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Books, Documentaries, Reviews: Sandor Ellis Katz at Cornell

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Books, Documentaries, Reviews:  November 6, 2013

Sandor Ellis Katz

Cornell University

April 2, 2012

I finally slowed down to listen to Sandor Ellis Katz–WILD FERMENTATION–at Cornell Univerity.  The U-tube video is 90 minutes.  So, grab some handwork, settle in, and enjoy an interesting, thought provoking lecture that discusses, in part, how the standardization of food has drastically altered our ability to enjoy the full power inherent in heritage foods–even when so-called “heritage” foods are made and sold–something Katz thinks is false advertising.

Such changes have altered the “culture” in every sense of that word–the way we live, the cultures we use in foods (yogurt, kombucha, breads, beers, etc.)

So, do you ever try to make yogurt?  And have you noticed that you get really good yogurt for a few generations, and then you…don’t?

Well, the reason is that a culture is a community of many different organisms–thirty or more– that work together to keep the culture stable.  But this kind of community is very hard to standardize–so industry only uses part of the community–which means that what is being advertised is not really the genuine thing.  For instance, the dried powder we buy to start a yogurt culture does not contain the full community of organisms.  And, commercial kombucha only uses part of the SCOBY colony to make its product.  (A SCOBY is a symbiotic community of bacteria and yeasts.)  The same is true of yogurt, cheeses, breads, beer, and so forth.

Cultures for yogurt, kefir (pronounced ke-fear, I’ve learned), kombucha and so forth used to be passed down in families and communities–and they retained their full components in the process.  What we have now is NOT the full biodiversity of a heritage culture.  So the loss, the reduction, is enormous–and is a loss of the culture (the social grouping) as well.

The yogurt culture one can buy can only sustain itself for a few generations–because it isn’t complete.  Standardization killed it.  Food safety laws have limited it.

So, Katz’s main message is that we need to reclaim our food as mass production has been an abject failure in that this food lacks…cultures…and has changed our culture in unhealthy ways.  Shifting how we eat begins to reclaim our culture–so that we once again nourish our bodies and regain our health.

Take some time for yourself to understand what has gone wrong, what the limits of industrialization are, what you can do.

And, maybe try to locate a heritage culture for yogurt and/or kefir.

And, make some lacto-fermented foods for yourself.  They are so delicious!

Here is Katz’s video on how to make a sauerkraut–which bear no similarity to that limp stuff you get in a can:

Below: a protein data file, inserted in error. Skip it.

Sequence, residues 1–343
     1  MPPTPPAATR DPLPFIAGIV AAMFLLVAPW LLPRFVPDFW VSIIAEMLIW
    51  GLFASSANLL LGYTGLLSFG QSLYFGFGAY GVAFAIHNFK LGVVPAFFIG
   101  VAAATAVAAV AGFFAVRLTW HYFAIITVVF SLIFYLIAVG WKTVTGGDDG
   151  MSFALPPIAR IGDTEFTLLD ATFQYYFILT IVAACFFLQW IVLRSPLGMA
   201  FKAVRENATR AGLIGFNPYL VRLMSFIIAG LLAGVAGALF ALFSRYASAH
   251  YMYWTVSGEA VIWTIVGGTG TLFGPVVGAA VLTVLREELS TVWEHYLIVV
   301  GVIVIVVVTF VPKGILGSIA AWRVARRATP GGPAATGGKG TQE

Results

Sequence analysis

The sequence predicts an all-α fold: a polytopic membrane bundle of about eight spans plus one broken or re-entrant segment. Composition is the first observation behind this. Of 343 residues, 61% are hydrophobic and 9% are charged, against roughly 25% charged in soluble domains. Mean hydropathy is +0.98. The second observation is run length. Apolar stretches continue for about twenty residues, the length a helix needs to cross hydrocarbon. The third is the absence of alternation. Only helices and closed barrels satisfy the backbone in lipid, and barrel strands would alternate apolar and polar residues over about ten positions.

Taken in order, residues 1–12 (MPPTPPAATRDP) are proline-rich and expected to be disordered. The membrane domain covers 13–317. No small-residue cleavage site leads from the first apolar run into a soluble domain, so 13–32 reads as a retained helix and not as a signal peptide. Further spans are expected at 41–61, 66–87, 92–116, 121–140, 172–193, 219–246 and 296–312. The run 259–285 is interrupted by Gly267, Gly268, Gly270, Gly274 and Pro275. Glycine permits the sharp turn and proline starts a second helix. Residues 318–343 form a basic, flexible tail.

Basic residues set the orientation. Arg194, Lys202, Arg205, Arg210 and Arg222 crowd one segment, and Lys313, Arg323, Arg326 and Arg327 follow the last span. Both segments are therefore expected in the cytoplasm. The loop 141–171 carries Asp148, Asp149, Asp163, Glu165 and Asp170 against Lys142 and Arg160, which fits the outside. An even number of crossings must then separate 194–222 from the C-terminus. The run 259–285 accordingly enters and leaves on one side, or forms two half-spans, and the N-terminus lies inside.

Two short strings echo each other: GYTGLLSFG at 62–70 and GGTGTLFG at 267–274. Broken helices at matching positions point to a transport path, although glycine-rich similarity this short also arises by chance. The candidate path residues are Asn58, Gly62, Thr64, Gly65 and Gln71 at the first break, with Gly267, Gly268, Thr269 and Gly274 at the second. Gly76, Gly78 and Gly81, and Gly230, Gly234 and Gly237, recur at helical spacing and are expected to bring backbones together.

Written by louisaenright

November 6, 2013 at 11:29 am

Books Documentaries, Reviews: THE FOUR AGREEMENTS, Don Miguel Ruiz

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Books, Documentaries, Reviews:  November 6, 2013


Don Miguel Ruiz

One of the books I read when I first got to Maine–at the suggestion of Margaret Rauenhorst–was Don Miguel Ruiz’s THE FOUR AGREEMENTS.

When Melody Pendleton painted the kitchen, I was putting away “stuff” from my kitchen desk and found a little handout I had put there of Ruiz’s four agreements.

The book, of course, explains each one in depth, and I probably need to review it again.  But here they are:

Be Impeccable With Your Word:

Speak with integrity.  Say only what you mean.  Avoid using the word to speak against yourself or to gossip about others.  Use the power of your word in the direction of truth and love.

Don’t Take Anything Personally:

Nothing others do is because of you.  What others say and do is a projection of their own reality, their own dream.  When you are immune to the opinions and actions of others, you won’t be the victim of needless suffering.

Don’t Make Assumptions:

Find the courage to ask questions and to express what you really want.  Communicate with others as clearly as you can to avoid misunderstandings, sadness, and drama.  With just this one agreement, you can completely transform your life.

Always Do Your Best:

Your best is going to change from moment to moment.  It will be different when you are healthy as opposed to sick.  Under any circumstance, simply do your best, and you will avoid self-judgement, self-abuse, and regret.

This recipe is a pretty tall order.  It’s hard to break old family “tapes” where making assumptions and taking actions personally and NOT being impeccable with your word–no matter how hard–is how things have worked.  And how “things” get so messed up so quickly.

But even the small movements I have made in my own life in the direction of these “four agreements” has made my own life better in so many ways.

Written by louisaenright

November 6, 2013 at 10:52 am